For kids who are approximately four to seven years old, the most critical studio-based factor as to whether the child will stay in martial arts is whether the instructor makes the classes playful, fun, and engaging. The instructor needs to be able to be at the child's level and meet them where they are so that the child trusts the instructor and feels safe and comfortable in the class. During this phase, the most important thing parents can do is simply to make the commitment to continue bringing the child to class. Sometimes parents will bring their child to a martial arts class because they want the class to be serious and instill discipline in their children, but they need to trust a studio that incorporates playfulness into the class, especially at these young ages.

A good martial arts class will have structured elements so that the students learn how to listen and stay focused, but it also has to include a large amount of play in order for students to want to come back and be able to focus on learning. Play is critical to learning for young children, and martial arts is no exception—a good studio incorporates techniques into games so that students are learning even as they are having fun. As the child grows older, they will seek out more structure and more advanced techniques. Pushing them before they're ready, however, will only result in them not enjoying themselves and resisting the classes.

During this phase, a major goal of martial arts classes is simply to help children become comfortable with physical closeness and learn how to stay calm and not panic while learning techniques or while sparring. Parents who do not train in martial arts themselves may not understand the purpose of what the instructors are teaching, so it is important to ask questions if you have concerns or want to understand the techniques and why they are being introduced to the children.

Even at this stage, martial arts classes will help children with building confidence and learning principles and philosophies that will help them the rest of their lives. Learning martial arts is like learning to swim. Parents wouldn't have their child stop taking swimming classes before they are truly able to be safe and take care of themselves in the water. Martial arts is also a necessary life skill—it is critical for a child to know how to protect themselves if they need to. Learning how to stand up for yourself and defend yourself is like wearing your seat belt—you know that you have what you need to protect yourself if things go wrong. It is important for parents to prioritize martial arts for their child and potentially even ease off on other activities if they are making it difficult for the child to continue in martial arts classes. The curve of learning self-defense skills may not be visible immediately, especially at this age because it can look as though all they're doing is playing, but the benefits will be clearly apparent with time.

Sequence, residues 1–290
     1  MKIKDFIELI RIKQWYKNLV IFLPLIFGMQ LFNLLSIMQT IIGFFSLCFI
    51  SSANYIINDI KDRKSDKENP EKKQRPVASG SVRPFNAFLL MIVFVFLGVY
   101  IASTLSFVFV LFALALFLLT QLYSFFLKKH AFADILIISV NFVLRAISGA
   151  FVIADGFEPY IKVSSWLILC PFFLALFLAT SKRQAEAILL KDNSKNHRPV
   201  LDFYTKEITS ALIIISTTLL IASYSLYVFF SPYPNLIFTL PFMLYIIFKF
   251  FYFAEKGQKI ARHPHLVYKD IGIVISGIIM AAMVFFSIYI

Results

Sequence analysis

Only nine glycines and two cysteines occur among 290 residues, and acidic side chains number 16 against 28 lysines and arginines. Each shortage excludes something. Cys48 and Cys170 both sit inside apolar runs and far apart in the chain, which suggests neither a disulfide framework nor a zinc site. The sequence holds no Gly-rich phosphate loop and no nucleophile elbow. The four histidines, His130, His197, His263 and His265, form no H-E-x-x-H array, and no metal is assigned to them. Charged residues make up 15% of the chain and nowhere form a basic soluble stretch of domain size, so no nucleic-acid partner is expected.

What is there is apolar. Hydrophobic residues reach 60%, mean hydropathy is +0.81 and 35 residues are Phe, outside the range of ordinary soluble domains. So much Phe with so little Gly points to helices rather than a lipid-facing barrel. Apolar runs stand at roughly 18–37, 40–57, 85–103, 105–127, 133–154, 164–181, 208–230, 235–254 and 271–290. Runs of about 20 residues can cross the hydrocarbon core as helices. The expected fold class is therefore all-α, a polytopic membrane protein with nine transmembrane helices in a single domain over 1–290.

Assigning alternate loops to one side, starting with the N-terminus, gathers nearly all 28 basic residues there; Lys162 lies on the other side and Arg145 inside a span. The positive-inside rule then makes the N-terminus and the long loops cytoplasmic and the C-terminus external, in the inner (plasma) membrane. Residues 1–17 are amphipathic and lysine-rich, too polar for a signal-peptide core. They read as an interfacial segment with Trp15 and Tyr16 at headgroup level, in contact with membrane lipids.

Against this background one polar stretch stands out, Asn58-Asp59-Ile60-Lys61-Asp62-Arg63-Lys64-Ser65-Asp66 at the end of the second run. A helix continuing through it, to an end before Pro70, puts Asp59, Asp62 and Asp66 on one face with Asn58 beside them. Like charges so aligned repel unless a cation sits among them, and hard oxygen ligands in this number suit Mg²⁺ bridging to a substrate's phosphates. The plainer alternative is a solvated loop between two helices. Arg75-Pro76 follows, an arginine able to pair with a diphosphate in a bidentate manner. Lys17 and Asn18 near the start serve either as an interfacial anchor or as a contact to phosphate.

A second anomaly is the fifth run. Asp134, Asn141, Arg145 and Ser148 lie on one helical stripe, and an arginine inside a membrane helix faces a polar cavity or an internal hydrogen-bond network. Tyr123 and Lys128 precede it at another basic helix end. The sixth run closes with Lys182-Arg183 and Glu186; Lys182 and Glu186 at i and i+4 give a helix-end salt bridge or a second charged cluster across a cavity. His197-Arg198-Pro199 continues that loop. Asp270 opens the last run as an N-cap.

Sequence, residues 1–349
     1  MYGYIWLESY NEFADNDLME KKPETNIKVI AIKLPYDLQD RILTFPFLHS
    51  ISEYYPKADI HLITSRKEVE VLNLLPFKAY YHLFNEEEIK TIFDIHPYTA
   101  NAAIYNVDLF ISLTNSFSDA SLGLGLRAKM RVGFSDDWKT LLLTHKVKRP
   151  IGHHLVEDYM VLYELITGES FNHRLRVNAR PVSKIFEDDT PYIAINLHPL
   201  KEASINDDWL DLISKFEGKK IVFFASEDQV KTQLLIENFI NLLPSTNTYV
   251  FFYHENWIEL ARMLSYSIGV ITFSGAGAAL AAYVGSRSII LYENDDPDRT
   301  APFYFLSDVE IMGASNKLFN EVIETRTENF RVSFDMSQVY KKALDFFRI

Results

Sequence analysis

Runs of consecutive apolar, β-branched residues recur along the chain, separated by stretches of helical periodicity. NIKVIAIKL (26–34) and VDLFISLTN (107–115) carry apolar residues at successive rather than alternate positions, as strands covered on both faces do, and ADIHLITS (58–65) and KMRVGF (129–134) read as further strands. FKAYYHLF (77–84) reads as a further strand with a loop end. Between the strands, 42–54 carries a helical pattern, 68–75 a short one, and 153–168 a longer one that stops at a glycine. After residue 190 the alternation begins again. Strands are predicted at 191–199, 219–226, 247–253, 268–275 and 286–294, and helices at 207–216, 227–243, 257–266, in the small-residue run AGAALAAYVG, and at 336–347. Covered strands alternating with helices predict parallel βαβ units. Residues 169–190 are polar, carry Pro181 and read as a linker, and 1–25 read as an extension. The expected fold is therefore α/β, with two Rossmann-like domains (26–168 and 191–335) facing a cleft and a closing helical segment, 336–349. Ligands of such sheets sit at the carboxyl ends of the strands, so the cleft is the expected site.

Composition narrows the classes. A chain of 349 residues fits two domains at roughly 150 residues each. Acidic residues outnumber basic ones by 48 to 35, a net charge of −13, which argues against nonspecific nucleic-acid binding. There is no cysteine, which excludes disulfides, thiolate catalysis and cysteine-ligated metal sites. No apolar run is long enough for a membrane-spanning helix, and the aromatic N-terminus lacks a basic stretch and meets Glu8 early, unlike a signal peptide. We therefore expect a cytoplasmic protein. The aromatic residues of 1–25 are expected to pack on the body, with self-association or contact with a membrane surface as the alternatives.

8 to 12-year-olds

For this general age range, the main objective in martial arts classes is to build confidence so that the child is willing to stand up for themselves or any of their peers in a difficult situation. During this stage, the biggest challenge is keeping the child's interest on martial arts as other activities may begin to distract them.

Some children will quit around this time because parents inadvertently put pressure on them by correcting their techniques, and the children stop going to class because they don't want to let their parents down. They want to live up to their parents' expectations, and if parents are telling them that they're not focused enough in class or not doing a technique well enough, this will be a huge setback for the child's self-confidence and their willingness to stay in martial arts. They are likely to decide that the best way to avoid disappointing you is to simply stop attending classes. Parents think they are helping their child by correcting their techniques, but this is something that is best left to the martial arts instructors, who are specifically trained to help children improve in a positive, empowering way.

Good instructors will focus on the 60% of a move that your child got right, not the 40% they got wrong. To the child, that 60% they exhibited is their 100% for that day, so a skilled instructor will focus on congratulating them for what they achieved and perhaps subtly help them to adjust the move. By being supportive and encouraging instead of critical, the child won't be worried about disappointing anyone—they will remain focused on learning for its own sake and for their own satisfaction and self-improvement. The next time they see that particular move, they might retain 70% of it, then 80%, and eventually they will reach 100% understanding. If you are worried about your child's skills, it's best to talk to their instructor about it and let them handle it, as opposed to directly addressing it with your child. The only thing you should be saying to your child after their martial arts class is, “I really enjoyed watching you practice martial arts today.”